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Br J Rheumatol. 1991 Jun;30(3):211-3.

The occurrence and significance of hand deformities in early rheumatoid arthritis.

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  • 1Department of Rheumatology, Lund University Hospital, Sweden.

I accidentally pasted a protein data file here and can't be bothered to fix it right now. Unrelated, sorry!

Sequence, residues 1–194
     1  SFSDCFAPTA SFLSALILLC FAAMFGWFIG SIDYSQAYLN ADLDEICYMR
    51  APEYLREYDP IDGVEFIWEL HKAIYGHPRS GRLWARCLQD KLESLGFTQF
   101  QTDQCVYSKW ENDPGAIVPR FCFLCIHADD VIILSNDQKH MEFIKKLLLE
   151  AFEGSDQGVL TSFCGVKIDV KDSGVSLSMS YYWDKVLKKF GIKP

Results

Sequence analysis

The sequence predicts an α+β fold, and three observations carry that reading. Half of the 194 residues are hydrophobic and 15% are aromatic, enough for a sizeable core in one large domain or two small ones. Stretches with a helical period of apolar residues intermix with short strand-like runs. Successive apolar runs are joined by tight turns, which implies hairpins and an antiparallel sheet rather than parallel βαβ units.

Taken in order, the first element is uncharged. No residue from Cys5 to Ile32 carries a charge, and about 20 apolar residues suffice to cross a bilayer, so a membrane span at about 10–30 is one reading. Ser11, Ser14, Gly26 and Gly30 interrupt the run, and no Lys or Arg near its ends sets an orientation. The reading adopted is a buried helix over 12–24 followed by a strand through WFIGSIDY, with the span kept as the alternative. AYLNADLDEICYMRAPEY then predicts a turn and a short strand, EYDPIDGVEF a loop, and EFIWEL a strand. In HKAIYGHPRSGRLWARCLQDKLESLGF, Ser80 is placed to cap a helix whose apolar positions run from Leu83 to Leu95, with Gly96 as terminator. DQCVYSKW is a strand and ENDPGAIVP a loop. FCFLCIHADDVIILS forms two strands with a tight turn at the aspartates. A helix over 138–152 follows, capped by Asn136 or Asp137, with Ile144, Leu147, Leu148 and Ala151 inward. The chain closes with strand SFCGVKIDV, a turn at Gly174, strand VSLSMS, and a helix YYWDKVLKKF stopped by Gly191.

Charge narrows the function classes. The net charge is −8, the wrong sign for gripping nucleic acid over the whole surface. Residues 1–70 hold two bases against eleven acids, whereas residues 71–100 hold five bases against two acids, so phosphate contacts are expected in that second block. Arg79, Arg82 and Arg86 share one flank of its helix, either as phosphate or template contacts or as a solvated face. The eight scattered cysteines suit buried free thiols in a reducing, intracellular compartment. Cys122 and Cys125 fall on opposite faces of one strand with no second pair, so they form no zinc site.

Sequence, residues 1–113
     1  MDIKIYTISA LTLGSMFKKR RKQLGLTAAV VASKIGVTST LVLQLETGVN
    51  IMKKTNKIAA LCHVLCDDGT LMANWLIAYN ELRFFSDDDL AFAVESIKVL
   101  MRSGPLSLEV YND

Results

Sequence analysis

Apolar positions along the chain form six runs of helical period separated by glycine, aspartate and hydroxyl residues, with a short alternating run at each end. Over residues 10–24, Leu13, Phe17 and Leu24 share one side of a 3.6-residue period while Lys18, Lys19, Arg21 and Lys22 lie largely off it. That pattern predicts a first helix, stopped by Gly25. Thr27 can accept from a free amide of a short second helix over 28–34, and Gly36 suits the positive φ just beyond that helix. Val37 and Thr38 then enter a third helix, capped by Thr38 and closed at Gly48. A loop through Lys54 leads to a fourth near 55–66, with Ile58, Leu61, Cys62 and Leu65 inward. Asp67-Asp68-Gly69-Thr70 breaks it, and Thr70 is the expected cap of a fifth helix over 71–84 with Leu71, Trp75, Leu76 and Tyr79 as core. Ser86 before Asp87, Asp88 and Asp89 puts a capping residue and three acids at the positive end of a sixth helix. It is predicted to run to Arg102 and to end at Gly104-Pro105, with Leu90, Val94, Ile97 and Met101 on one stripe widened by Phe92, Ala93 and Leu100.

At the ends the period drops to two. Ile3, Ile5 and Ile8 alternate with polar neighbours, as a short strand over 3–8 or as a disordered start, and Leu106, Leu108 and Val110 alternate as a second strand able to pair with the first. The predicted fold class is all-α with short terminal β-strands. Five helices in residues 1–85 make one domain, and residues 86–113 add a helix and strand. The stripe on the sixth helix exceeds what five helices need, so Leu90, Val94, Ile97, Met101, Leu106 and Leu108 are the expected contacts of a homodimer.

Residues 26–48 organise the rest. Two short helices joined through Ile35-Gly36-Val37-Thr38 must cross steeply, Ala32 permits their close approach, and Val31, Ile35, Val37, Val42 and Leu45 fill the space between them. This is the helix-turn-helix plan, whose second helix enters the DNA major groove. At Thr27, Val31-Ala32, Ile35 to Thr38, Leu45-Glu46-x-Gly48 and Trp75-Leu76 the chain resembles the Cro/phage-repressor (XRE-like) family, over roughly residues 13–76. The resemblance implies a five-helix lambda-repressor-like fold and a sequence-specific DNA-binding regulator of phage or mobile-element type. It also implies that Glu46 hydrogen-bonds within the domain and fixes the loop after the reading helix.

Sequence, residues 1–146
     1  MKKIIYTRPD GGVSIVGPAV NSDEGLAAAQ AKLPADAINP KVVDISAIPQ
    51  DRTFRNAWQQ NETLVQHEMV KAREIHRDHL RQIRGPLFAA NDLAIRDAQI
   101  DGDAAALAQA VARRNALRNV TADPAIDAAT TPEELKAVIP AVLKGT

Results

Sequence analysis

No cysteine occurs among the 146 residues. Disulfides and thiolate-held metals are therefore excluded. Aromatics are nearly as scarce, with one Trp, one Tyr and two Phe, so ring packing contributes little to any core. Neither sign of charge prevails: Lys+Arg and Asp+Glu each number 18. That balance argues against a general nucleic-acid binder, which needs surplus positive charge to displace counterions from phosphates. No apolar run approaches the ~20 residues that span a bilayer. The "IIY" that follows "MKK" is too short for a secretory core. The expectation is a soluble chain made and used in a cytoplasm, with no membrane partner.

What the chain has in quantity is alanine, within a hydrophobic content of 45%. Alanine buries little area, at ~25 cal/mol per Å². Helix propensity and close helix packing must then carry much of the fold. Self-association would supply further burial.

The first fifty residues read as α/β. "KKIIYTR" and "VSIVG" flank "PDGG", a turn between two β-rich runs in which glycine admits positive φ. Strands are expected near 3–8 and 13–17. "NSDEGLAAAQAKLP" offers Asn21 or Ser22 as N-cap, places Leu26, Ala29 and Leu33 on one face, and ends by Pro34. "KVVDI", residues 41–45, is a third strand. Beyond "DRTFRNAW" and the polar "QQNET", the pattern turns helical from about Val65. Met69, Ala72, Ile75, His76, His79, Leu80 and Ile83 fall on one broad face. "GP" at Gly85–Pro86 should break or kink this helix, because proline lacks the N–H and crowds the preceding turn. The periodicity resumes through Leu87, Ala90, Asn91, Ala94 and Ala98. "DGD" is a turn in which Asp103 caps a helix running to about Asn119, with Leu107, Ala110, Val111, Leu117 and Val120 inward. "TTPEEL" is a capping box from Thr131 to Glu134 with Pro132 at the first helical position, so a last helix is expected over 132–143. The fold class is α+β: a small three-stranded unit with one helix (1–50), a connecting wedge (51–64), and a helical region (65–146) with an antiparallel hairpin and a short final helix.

One hundred rheumatoid arthritis patients (38 men, 62 women), with mean age of 53 years and mean disease duration of 11.5 months, were followed. Standardized clinical, biochemical, and radiographic evaluation was performed regularly. After 2 years the prevalence of ulnar deviation, buttonhole deformity, and swan neck deformity was 13%, 16%, and 8%, respectively. Altogether, 31 patients had developed one or more deformities. There was no difference in age or gender distribution and no predominance of the dominant hand. Each patient with a deformity was matched according to age, sex, and disease duration with another early RA patient without deformity. The deformity group had more active disease, less grip strength, more disability, and markedly more severe radiographic changes. When studied retrospectively at a time point 3 months prior to the detection of deformity, synovitis of relevant joints was as common in the group who developed deformities as in the control group. This suggests that joint inflammation may contribute to the genesis of deformity but additional factors are needed. Hand deformities were found to be common in early RA.

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